Thursday, September 4, 2014
Progress can create some problems too.
A few weeks ago we headlined a story – “Traffic on Cayce a huge concern.”
Industrial development in the Chickasaw Trail Industrial Park area has created lots of extra traffic, mostly trucks, and it’s a legitimate concern of residents in the area. They’re worried about their safety.
In a recent story, District 3 supervisor Keith Taylor said, “Even though I welcome the industry, the people should not have to suffer.”
Odds are it’s just the tip of the iceberg in the northwest portion of Marshall County when it comes to economic development. And that’s a positive. But it can be a negative for some folks, too.
The increase in traffic has disrupted those homeowners’ way of life. And many have lived there for a long time, perhaps even all their lives.
They’re speaking out, and they have the right to do so.
It’s often a balancing act for county leadership.
One of their primary jobs is recruiting industry and bringing in jobs. Then when they’re successful, even that won’t make everyone happy.
Marshall County’s growth is exciting – from new interstates to new industries to new homes. But the challenge is to also maintain that rural atmosphere, that the folks in Marshall County have become accustomed to. We don’t want to be Memphis, Tenn., or even Olive Branch or Southaven, the way they have busted out the seams in recent years.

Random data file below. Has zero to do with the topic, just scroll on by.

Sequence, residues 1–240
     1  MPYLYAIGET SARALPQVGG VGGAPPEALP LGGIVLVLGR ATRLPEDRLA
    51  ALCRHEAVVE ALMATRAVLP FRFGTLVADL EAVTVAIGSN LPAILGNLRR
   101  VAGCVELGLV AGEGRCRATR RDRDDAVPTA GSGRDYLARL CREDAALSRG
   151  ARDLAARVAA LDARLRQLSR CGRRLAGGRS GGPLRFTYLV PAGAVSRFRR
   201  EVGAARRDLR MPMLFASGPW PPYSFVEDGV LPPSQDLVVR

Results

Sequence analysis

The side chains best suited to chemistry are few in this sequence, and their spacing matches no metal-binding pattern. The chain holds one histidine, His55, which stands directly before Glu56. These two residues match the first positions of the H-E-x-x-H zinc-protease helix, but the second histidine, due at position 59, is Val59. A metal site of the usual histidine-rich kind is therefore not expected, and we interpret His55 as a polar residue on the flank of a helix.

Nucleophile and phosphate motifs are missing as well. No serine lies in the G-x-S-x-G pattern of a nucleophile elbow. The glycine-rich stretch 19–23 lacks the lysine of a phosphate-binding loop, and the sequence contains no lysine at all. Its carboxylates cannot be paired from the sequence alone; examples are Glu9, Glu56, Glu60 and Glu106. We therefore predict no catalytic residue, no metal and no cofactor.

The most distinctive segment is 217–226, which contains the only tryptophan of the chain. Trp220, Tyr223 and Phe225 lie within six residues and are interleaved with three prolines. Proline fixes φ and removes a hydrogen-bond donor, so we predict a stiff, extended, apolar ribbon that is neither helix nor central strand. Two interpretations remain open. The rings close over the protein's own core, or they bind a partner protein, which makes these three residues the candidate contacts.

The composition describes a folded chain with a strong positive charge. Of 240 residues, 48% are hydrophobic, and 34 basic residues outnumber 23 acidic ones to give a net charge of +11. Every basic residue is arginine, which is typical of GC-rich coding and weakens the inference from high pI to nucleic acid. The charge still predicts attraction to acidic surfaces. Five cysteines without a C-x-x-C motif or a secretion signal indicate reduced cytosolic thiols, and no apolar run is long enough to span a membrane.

We want more industries, more jobs, more businesses; we want to be able to keep more of our dollars at home; but we want to maintain that small-town feel, too.
I grew up on two-lane, busy Highway 278 in rural Alabama. Our house was close to the highway.
Truck traffic was steady, day and night, and loud. Back then that highway was a pretty major thoroughfare.
But a few months back, after my mother’s death, Pam and I spent the night at my mom’s house, where I was raised.
Due to Highway 78 bypassing Hamilton, Ala., several years ago, the truck traffic on Highway 278 is all but gone.
I remarked to Pam that night how I had trouble sleeping – I was too used to the 18-wheelers flying by in the middle of the night.
So, in that case, development/new highways was a blessing – at least for people living along Highway 278.
So progress helps some – like landing a new job or easing traffic in their neighborhoods. And it hurts some – like increasing traffic and forcing them from their property. And even then, some may prefer getting out. They benefit from the move.
Taylor and District 4 supervisor Eddie Dixon, whose districts overlap in that area, are launching a community meeting as a follow-up to the recent concerns discussed in the board of supervisors’ meeting recently.
It’s a good idea. Let the citizens be heard, and work together to achieve a solution that’s hopefully best for them and best for Marshall County.
The community meeting will be held Tuesday, Sept. 16, at the Cayce Fire Department building located near the busy intersection of Highway 72 and Cayce Road.
Dixon, in the recent story, said Cayce Road needs to be four-laned from Highway 302 to Highway 72, and he hopes state officials take notice.
It all starts at the local level, and the community meeting is a step in the right direction.
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